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'The House of the Dead' by Janáèek at Staatsoper in Vienna

Wednesday, 4 January 2012 , ora 11.51
 
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The last work for stage written by the Moravian composer Leo¹ Janáèek in 1928, his death year, is the opera 'The House of the Dead', after the story with the same name by Fyodor Dostoyevsky. The premiere of a new staging took place at the Vienna State Opera on December 11th, 2010, under the direction of the German Peter Konwitschny.

I am telling you about this mainly because in the cast there are three artists born in these parts: Sorin Coliban (Alexander Petrowitsch Gorjantschikov), Alexandru Moisiuc (the Commander) and Gergely Németi (Aljeja). The central figure of the opera is Gorjantschikov, played by Coliban. The part does not have many sung passages, but it requires of the artist a continuous stage presence as he is permanently under the limelight. The vocal interventions were approached without difficulty by Sorin Coliban. At the same time, Alexandru Moisiuc appears, for instance, in the final stage as the commander of the prison camp - a figure which draws attention and matches the physique (and voice) of the bass born in Bucharest, collaborator of the Vienna State Opera since 1994.

A metaphor for the deprivation of liberty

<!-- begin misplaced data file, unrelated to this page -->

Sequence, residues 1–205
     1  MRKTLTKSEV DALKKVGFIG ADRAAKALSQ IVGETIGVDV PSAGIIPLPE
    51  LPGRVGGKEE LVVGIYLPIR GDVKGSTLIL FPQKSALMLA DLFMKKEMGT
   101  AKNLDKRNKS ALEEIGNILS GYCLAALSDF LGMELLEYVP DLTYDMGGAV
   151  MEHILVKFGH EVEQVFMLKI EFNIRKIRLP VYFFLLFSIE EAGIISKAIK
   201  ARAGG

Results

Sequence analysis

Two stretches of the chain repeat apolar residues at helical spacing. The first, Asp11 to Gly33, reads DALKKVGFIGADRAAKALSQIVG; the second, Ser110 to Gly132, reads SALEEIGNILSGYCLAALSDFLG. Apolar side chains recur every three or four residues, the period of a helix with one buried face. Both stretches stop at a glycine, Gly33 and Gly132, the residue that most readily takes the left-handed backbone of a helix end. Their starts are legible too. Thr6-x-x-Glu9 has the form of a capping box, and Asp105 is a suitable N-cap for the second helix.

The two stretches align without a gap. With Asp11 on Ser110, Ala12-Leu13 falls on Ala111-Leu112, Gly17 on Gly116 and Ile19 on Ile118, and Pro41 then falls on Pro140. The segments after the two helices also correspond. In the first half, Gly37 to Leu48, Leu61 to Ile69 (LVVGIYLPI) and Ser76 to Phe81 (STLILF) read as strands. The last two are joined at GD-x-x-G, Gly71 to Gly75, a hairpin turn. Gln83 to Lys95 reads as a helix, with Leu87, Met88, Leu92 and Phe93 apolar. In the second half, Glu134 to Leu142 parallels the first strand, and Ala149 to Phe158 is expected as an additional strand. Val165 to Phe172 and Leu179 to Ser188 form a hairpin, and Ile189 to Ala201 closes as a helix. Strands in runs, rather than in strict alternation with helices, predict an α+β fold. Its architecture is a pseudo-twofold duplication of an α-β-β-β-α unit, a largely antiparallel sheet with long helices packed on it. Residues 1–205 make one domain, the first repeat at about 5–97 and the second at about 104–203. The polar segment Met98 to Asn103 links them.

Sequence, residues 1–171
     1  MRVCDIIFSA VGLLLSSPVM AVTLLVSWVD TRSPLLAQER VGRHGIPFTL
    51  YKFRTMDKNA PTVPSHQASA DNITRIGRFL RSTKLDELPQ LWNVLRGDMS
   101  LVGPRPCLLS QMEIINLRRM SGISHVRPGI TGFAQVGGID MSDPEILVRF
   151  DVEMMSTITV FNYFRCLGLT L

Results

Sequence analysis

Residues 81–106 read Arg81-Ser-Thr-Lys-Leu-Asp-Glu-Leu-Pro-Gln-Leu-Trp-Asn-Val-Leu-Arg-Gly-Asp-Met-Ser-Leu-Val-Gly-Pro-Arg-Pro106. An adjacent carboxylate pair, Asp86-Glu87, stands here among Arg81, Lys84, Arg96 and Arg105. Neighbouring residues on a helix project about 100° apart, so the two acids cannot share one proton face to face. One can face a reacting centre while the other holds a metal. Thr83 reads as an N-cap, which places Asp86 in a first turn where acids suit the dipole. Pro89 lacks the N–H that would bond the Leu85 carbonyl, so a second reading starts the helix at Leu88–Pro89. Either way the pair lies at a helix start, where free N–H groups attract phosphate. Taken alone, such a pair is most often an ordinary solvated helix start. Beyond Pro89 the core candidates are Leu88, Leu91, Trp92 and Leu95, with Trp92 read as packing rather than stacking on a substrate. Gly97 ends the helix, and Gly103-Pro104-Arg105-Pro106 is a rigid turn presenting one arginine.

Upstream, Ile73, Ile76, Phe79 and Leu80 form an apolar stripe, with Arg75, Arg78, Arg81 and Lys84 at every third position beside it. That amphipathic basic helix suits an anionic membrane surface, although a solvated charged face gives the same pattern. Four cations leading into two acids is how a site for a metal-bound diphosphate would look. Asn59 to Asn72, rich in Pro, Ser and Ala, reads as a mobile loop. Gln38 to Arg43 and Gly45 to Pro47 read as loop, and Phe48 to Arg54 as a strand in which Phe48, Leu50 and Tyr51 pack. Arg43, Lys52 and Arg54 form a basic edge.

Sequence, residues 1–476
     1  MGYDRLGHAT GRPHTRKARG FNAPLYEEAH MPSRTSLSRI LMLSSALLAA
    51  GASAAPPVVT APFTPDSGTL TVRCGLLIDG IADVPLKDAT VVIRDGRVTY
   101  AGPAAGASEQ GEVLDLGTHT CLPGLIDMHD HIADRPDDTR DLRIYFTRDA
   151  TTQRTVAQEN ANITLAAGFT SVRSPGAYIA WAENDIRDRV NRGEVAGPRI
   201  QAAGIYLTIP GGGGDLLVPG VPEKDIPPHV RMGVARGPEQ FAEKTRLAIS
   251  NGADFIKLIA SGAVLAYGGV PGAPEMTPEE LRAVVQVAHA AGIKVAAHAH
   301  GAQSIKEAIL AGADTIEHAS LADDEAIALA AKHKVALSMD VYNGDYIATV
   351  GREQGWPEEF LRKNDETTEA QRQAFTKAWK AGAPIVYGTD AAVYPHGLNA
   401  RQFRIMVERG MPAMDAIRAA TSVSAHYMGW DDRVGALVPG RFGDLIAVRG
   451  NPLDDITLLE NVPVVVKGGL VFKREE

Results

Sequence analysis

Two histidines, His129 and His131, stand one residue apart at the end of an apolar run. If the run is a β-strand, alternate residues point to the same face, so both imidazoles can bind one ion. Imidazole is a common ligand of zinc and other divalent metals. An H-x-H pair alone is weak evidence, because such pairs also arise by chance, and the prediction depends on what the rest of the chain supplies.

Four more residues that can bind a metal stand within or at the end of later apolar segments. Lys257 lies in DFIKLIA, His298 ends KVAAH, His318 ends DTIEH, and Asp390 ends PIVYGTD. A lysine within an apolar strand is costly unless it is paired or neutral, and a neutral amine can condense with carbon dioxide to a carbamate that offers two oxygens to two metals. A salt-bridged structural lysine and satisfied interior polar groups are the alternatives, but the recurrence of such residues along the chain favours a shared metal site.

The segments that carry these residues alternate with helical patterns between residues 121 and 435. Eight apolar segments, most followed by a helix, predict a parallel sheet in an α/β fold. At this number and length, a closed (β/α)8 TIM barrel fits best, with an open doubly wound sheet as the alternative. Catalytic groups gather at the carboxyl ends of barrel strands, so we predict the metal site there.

The prison camp in Siberia is changed under the staging of Konwitschny to a loft populated with mafia clans. What brings the two 'worlds' together (prison and mafia) is the deprivation of liberty, the despair, the brutality and the fear. For director Peter Konwitschny, theatre is alive when it takes liberties in performing the opera. The House of the Dead is therefore a metaphor for the deprivation of liberty, of the inferno reigning not only in the prison camp Dostoyevsky described, by also in today's world. The actors leave the stage, perform backstage and amidst the audience. The reference is clear: existences are destroyed and souls are tortured not only on stage; executioners and prisoners are among us, as well.

Beside the scenario, the beauty of the opera is revealed by its music. The orchestral commentary is overwhelming, Janáèek insisting on the extreme registers of the instruments, on the pitches of the strings, on piercing sounds. The conductor Franz Welser Möst reproduced the original score signed by Leo¹ Janáèek, and not the one completed by the students of the composer, after his death; the empty, intense, drained sounds linger on.

In a word: I watched an opera I would not recommend to minors. The questions it poses - harshly - are addressed to those old enough to understand them.

Haiganuº Preda-Schimek
Translated by Silviu Dãnilã and Elena Daniela Radu
MTTLC, Bucharest University